Argentina’s Best Estancias for Horse Riding Lovers

Pricked Ears | Lucy Pierce/Culture Trip
Pricked Ears | Lucy Pierce/Culture Trip
Photo of Lucy Pierce
25 October 2017

In Argentina, estancias form part of the Argentine culture, which is music to the ears of horse lovers. Dating back to colonisation, many of these stunning estancias boast grand European houses with land as far as the eye can see. Nestle around the campfire or asado (barbecue) at night after a day of riding to learn more about the tradition and history of the guachos and the estancia.

Los Potreros, Córdoba

Discover your inner guacho (cowboy) at Los Potreros as you spend the afternoon rounding up horses, cattle, or the deviant bulls on one of the many fabulous horses they have. If you’re desperate to ride as much as possible, you can! The highlight for many is the opportunity to ride both criollos as well as Peruvian Pasos, gallop through the boundless fields, learning to lasso or play polo with the other guests.

Los Potreros | Lucy Pierce /© Culture Trip

La Constancia Estancia, Córdoba

Set in the hills above Córdoba is this fabulous estancia – the colonial house dates back to 1895 and has been restored after its abandonment 40 years ago, retaining the spirit of the place. You can go for a short ride independently on one of the mixed criollos, all of which were born in the mountains, or if you want to ride for between 3-10 hours you will be accompanied by a guide. They also offer three-day riding safaris through the mountains; it doesn’t get much more scenic than that. After which you can relax in the pool or rivers, or enjoy some fishing – there are some great rainbow trout to be caught.


Estancia Huechahue, Patagonia

A working cattle ranch in Patagonia, Huechahue (pronounced “way-cha-way”) has been passed down through four generations of the Wood family. They have been welcoming guests since 1990 and have a whopping 15,000 acres of rugged Patagonian steppe. Maintaining traditional values and traditions, the cows graze and roam to their heart’s content, and the food is all home-grown. Ride the rolling hills, through the Andean gorges, and gallop through the vastness of Patagonia, all the while looking out for the Andean condor and eagles. Those who want to unleash their gaucho spirit are encouraged to herd cattle and horses.

Huechahue | Courtesy of Huechahue

Estancia Don Joaquin, Esquina

Escape Buenos Aires and take some time out in these beautiful surroundings, with countless lagoons, wetlands and rivers that offer great fishing, abundant bird watching, and the perfect location for riding the criollos across the land. Keep an eye out for caiman, alligators, and capybaras, all of which are common in this area. Afterwards, you can learn how to make empanadas or relax by the pool.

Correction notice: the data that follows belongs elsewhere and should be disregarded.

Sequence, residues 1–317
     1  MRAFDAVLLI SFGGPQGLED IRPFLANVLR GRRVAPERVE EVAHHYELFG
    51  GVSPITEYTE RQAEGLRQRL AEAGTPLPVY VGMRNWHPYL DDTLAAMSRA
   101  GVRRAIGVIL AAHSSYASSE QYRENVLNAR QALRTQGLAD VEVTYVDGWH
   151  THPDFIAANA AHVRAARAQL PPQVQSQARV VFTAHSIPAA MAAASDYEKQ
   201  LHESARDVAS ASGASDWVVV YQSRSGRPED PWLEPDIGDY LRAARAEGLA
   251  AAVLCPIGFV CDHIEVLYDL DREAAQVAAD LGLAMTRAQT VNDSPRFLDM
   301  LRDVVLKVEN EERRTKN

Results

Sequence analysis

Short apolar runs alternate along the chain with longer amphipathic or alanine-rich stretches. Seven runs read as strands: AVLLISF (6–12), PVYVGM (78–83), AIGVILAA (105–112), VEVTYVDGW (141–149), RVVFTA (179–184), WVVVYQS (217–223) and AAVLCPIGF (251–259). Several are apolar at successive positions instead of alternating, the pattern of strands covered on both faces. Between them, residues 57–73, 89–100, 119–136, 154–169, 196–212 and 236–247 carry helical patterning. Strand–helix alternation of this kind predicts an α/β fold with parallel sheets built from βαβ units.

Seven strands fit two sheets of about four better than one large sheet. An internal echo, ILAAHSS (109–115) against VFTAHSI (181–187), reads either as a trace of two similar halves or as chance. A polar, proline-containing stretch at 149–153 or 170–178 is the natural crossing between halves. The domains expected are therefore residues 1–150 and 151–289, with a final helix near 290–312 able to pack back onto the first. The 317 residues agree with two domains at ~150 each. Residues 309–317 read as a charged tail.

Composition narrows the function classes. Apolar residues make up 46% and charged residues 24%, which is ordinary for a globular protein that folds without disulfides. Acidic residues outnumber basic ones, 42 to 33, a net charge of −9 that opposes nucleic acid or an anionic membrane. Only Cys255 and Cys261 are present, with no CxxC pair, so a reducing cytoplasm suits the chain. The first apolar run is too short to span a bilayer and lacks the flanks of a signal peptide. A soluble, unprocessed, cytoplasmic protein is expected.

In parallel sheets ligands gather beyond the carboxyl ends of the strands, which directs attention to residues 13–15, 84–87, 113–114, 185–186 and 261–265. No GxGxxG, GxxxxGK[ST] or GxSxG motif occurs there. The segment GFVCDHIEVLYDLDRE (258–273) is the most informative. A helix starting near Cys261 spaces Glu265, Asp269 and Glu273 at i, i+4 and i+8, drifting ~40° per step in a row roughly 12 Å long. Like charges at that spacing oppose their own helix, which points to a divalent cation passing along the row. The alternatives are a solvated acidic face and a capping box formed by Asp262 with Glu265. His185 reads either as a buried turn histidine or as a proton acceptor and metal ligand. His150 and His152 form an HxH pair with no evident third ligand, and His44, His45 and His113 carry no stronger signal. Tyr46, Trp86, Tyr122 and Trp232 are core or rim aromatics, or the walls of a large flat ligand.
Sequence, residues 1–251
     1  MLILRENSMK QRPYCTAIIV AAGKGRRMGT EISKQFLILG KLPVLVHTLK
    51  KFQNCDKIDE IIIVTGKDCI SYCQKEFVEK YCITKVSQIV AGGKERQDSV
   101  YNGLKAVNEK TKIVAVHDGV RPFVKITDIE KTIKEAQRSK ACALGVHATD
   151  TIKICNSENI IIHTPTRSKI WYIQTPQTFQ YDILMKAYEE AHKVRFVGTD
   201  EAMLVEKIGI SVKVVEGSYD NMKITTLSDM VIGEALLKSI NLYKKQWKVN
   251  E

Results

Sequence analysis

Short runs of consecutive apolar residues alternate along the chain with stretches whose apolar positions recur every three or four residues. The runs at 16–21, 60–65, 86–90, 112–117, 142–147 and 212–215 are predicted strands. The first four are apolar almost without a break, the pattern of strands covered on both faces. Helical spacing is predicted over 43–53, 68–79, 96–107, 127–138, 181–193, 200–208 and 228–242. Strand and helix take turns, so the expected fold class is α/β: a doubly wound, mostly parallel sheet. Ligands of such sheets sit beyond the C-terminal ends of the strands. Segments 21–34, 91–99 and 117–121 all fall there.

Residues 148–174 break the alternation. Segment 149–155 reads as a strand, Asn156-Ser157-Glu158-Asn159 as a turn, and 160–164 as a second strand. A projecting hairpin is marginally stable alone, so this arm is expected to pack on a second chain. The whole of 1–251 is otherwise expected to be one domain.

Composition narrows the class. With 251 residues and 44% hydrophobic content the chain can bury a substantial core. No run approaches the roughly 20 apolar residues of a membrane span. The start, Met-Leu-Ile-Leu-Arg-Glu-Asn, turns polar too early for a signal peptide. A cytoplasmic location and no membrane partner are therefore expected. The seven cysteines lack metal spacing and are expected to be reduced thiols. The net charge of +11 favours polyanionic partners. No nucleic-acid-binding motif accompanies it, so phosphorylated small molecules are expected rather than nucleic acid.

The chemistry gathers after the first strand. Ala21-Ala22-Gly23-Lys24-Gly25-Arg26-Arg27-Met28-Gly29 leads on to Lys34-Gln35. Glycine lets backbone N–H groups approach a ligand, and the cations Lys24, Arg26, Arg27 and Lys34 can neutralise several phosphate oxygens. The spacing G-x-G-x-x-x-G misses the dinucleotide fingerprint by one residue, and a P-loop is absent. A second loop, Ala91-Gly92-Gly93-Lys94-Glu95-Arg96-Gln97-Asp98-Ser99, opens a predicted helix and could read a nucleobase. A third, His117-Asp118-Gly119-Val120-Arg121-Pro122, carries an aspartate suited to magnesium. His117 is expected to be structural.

Rancho Viejo Cabalgata, Mendoza

Combine your wine tasting tour with a horse ride through the vines among the wine valleys. See the vines up close and personal and climb up to the viewpoints where you will see the outstretching vineyards. Once you have enjoyed your ride, you can taste some of the famed Malbec and Cabernet produced right here.

Mendoza Mitch Weisburgh/flickr

Estancia Peuma Hue Eco-Lodge, Bariloche

This enchanting eco-lodge is found within Argentina’s first and largest national park, Nahuel Huapi National Park in the Northern Patagonian Lake District. Discover the sublime vistas and the variety of flora and fauna by horse. Take a picnic and swim in the lake while your fiery steeds have an afternoon siesta. They cater for all ages and expertise, so there’s no excuse not to saddle up. You can also enjoy great trekking, kayaking and boat rides, as well as the wellbeing program.

Nahuel Huapi doriana del sarto/flickr

Estancia Don Manuel, Buenos Aires

Estancia Don Manuel is one of Argentina’s leading polo schools, just a short jaunt from the capital so you can be cantering along, jostling for the ball and scoring a hat trick in no time. If you want a slice of this favourite Argentine pastime, why not try the ranch day where you can get the real feel, with a large lunchtime asado, followed by watching a couple of chukkas.

Chukkas | © Mark Kent/flickr

Estancia La Bamba, San Antonio de Areco

La Bamba was originally one of the post houses on the Camino Real back in 1830, making this boutique, colonial estancia one of the oldest in the country. Enjoy the surroundings by horse, or if you’re feeling rather regal, by carriage. After, you can sit back and relax by the pool, or treat yourself to a hot stone massage. If you’re really lucky, you might be there at the same time as the international polo team.

Polo | Lucy Pierce /© Culture Trip

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